Prior to the advent of World War II, no pavilion received a more sympathetic response than Czechoslovakia's. On October 9, 1938, The New York Times' editors exclaimed: "There is something still indomitable about the Czechs and the Chinese, the two underdogs in this present bull-pit of nations we call the world. Both are deserted by their friends. Yet both will proudly take their places in our Hall of Nations with exhibits uncurtailed by their current troubles." (China eventually withdrew from the fair.)
Initial plans called for a $400,000 structure with 60,000 feet of floor space.
Following the enforcement of the Munich agreement, allowing the annexation of major Czech land areas by Germany, the world's fair held an exhibit contract with a country that no longer existed.
The pavilion's original exhibit director, Bohuelar Soumar, arrived in New York in mid-March, 1939, intent on opening the unfinished pavilion. "I do not know what will happen but I am going to continue with my work until I am ordered to stop." The New York Times lamented: "It was begun as an exhibit of a free and proud republic. Now it stands for a nation in chains."
Within days word arrived from the "protectors" of Czechoslovakia – the pavilion could proceed with local support, only if it contained no anti- Nazi propaganda. The German government even offered to forego the use of the swastika in the pavilion.
Two days later Mayor LaGuardia met with the Czechoslovakian ambassador to the United States to discuss the pavilion's future. Vladimir Hurban, the Czech minister, had defiantly informed the Nazi controlled government he would not recognize their puppet president and would retain control of the Czechoslovakian embassy in Washington.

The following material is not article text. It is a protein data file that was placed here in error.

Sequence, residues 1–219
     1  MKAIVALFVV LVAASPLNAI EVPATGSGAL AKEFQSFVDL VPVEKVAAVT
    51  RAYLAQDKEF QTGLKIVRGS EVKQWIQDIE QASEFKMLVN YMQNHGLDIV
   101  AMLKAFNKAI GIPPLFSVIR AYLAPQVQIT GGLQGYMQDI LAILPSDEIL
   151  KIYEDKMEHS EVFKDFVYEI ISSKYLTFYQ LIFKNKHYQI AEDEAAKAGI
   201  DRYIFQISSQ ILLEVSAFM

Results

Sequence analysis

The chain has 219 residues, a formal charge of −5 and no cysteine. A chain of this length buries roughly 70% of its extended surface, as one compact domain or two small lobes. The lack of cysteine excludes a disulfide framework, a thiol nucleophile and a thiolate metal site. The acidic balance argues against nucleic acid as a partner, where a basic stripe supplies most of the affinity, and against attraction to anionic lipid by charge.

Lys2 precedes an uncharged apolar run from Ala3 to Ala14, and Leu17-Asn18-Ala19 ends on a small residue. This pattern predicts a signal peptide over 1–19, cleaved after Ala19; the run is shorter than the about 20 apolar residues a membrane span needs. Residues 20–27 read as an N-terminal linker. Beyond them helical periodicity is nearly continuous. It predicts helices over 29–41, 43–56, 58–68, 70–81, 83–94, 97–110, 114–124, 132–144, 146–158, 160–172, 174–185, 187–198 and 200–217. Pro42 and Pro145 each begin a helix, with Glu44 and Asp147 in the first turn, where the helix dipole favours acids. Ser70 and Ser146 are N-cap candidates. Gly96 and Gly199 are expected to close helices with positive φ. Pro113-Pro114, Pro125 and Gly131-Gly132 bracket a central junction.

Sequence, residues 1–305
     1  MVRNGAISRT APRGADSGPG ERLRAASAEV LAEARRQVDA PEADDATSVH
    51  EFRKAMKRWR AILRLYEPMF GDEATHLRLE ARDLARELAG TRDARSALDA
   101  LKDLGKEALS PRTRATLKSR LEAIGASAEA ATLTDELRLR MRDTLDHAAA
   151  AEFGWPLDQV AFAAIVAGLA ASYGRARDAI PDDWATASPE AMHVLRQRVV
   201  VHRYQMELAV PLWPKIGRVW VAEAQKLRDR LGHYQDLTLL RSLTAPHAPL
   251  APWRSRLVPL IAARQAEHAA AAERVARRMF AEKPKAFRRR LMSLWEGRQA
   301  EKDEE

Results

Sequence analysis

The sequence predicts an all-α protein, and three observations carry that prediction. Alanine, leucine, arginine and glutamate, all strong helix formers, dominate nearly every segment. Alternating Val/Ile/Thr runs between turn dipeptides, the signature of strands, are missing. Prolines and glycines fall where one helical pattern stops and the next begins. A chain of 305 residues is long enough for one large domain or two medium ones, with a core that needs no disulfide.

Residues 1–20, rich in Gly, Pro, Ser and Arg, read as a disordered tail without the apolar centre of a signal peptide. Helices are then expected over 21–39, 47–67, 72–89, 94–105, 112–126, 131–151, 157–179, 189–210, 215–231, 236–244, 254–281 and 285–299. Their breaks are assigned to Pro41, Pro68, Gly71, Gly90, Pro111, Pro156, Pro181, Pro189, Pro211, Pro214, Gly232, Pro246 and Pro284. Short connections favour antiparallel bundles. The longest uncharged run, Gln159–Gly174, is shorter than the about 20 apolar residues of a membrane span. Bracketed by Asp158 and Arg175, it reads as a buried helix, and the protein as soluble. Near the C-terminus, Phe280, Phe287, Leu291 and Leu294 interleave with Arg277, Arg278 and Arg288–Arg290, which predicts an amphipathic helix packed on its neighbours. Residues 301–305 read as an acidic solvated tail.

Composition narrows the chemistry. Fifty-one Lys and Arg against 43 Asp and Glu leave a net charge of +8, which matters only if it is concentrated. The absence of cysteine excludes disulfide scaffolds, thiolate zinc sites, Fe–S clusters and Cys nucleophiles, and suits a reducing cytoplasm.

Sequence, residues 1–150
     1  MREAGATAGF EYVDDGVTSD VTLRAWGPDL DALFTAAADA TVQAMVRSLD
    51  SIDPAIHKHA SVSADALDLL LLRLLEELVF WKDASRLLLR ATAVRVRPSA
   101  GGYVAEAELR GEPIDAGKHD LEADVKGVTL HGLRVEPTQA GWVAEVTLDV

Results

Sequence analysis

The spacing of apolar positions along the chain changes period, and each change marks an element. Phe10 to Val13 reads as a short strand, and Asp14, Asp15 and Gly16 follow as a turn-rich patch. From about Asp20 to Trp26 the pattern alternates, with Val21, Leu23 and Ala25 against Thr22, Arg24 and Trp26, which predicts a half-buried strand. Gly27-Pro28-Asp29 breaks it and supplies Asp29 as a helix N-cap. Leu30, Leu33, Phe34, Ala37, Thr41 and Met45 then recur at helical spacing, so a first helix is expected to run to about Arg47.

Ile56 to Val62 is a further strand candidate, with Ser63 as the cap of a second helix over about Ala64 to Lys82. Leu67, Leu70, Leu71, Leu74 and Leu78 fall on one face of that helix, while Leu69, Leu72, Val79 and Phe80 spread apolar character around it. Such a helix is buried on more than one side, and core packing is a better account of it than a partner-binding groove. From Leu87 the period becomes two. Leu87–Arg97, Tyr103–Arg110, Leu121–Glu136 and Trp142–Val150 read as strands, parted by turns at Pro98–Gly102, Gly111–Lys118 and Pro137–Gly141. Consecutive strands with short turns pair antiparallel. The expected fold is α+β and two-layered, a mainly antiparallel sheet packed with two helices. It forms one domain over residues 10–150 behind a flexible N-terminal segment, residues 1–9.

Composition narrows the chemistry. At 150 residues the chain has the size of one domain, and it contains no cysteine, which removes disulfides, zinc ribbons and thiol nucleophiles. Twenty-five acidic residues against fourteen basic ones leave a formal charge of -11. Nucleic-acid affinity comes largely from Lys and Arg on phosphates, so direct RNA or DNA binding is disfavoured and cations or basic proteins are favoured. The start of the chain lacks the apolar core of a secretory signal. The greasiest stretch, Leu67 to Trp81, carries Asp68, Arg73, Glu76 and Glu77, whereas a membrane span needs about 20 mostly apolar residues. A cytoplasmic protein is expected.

In early April Grover Whalen received a telegram from Oldrich Vasticka, the Minister of Public Works in Prague, announcing the Nazi government had changed its mind. "Pavilion will not be opened. Negotiate through German Embassy for sale or rent of pavilion. Do not proceed with construction for exhibits." The gauntlet was down.
With less than a month before the fair's April 30th opening, a determined movement organized to complete the Czechoslovakian pavilion. If funds could be raised, the organizers held the trump card over the Hitler dominated government in Prague. Before leaving office, the republic's former president Eduard Benes sent twenty carloads of exhibits and materials to the United States. The New York Times exalted "One bit of Nazi arrogance is decisively squelched." Hitler fumed!
On April 12, Mayor La Guardia announced the formation of the "Committee for Czecho-Slovak Participation in the World's Fair." Headed by Dr. John H. Finley, editor emeritus of The New York Times, the committee hoped to raise enough money to fund the pavilion. The mayor said: "The purpose of the exhibit at the Fair is to show the progress made by the independent republic of Czecho-Slovakia – up to the period of the 'interruption.'" In other words, the Czech exhibit would become a tangible reproach to Adolph Hitler and his policies.
The appeal issued to friends of the dismantled republic urged: "Last month the invader broke promises he himself had freely given and annexed the whole country in order to commandeer its immense munitions works. It is beyond our power as individuals to right the wrong that has been done, but one small thing we can do. We can complete the Czecho-Slovak Pavilion at the World's Fair as a stirring reminder of this industry, the artistic spirit, the humanitarian principles of that sturdy race."